Finally, because Bolton ruled in favor of the ACLU, MALDEF, and NILC on the provision of 1070 that would have prevented day laborers from seeking or accepting work on the streets from passing vehicles, those three organizations were due attorneys' fees under under federal civil-rights law.
The Judicial Watch press release makes this situation sound like something unusual. It's not, and Judicial Watch knows this because it is awarded attorneys' fees all the time in federal court. Just Google "Judicial Watch" and "attorneys' fees" for examples.
Though the AG's office initially makes an offer of $600,000 to the three organizations regarding legal fees, both sides settle on $1.4 million. The asking price for the three organizations is not mentioned in the documents provided to Judicial Watch, but sources tell New Times that the asking price from MALDEF, ACLU, and NILC initially was more than twice the settlement amount.
In other words, the settlement in Valle del Sol v. Whiting saved the state a lot of money, because these organizations mention in their communications to the AG's office that they may continue to fight for their fees in court if the two sides cannot agree on an amount. Hypothetically, the groups might have gotten more money, considering the length of the litigation and the number of working hours involved.
Given these facts, why is Judicial Watch making such a big deal out of the settlement in Valle del Sol v. Whiting?
There are a couple of reasons. One is that Judicial Watch has always been close to Pearce, who despises Brnovich — mainly because in 2014, Brnovich was the first major GOP politician to denounce remarks Pearce made on his now-defunct radio show, that women on public assistance should be sterilized.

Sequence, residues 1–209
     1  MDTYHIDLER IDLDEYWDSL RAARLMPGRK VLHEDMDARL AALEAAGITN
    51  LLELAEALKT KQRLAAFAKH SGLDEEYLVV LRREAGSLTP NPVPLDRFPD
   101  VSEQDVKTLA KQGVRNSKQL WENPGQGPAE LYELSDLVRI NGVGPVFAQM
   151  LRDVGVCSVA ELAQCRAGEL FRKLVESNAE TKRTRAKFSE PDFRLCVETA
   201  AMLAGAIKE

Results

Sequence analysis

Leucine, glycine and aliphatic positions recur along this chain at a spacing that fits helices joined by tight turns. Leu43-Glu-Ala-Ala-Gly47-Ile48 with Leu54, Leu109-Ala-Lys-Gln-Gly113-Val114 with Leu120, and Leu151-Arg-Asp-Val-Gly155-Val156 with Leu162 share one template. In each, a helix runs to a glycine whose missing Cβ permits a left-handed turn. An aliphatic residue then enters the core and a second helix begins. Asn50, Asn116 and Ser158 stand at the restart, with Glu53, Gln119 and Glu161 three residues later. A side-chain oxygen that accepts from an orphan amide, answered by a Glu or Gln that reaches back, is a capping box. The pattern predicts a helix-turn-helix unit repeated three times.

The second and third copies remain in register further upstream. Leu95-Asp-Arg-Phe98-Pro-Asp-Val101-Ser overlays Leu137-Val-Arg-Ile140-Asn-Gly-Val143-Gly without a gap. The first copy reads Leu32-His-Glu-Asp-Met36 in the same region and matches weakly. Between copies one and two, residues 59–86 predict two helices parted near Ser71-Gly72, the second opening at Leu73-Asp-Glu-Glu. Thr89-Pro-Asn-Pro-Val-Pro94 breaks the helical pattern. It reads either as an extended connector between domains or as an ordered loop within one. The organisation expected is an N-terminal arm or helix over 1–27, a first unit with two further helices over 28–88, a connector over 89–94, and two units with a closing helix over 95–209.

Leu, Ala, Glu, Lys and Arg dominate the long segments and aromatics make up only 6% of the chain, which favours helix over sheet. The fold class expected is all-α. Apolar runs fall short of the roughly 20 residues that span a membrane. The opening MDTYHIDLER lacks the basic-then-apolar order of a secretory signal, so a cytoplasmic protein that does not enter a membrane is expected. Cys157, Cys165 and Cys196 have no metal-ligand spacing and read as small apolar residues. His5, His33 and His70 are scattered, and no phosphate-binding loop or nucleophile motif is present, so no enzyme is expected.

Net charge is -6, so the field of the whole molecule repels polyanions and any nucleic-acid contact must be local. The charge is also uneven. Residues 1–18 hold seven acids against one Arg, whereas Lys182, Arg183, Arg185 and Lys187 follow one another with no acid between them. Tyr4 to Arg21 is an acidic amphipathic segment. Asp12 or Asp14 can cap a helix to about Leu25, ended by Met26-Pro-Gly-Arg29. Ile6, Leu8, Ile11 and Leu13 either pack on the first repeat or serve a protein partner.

Those remarks were roundly condemned by other GOP-ers at the time, and as a result, Pearce was forced to resign his position as first vice chair of the Arizona Republican Party. So maybe the Judicial Watch suit is a bit of payback on Pearce's part.
As far as Judicial Watch goes, well, according to an October report in the New York Times , the organization has banked a good deal of resources in drowning Hillary Clinton in litigation. The article reported that Judicial Watch was the plaintiff in 20 lawsuits involving Clinton, and even after the election, Judicial Watch continues to release documents and emails related to Clinton's time as secretary of state.
But given that Clinton lost to Trump and essentially is retired from politics, who cares what public records Judicial Watch digs up at this point? Without Clinton, the organization lacks a powerful foil to use for fundraising.
Is Judicial Watch casting about for new targets? Perhaps, though the organization seems to have shot itself in the foot while aiming at Brnovich, a Goldwater Institute Republican.
Asked for a comment, Brnovich spokesman Ryan Anderson told New Times that maybe once Judicial Watch reads the doorstop of documents it has received from the AG's office, the group might better understand the settlement.
"Sometimes groups are more focused on headlines and fundraising than actual results," Anderson observed.
Read the Attorney General's Office's emails regarding Judicial Watch's public-records request:
Read Judicial Watch's lawsuit against Arizona Attorney General Mark Brnovich: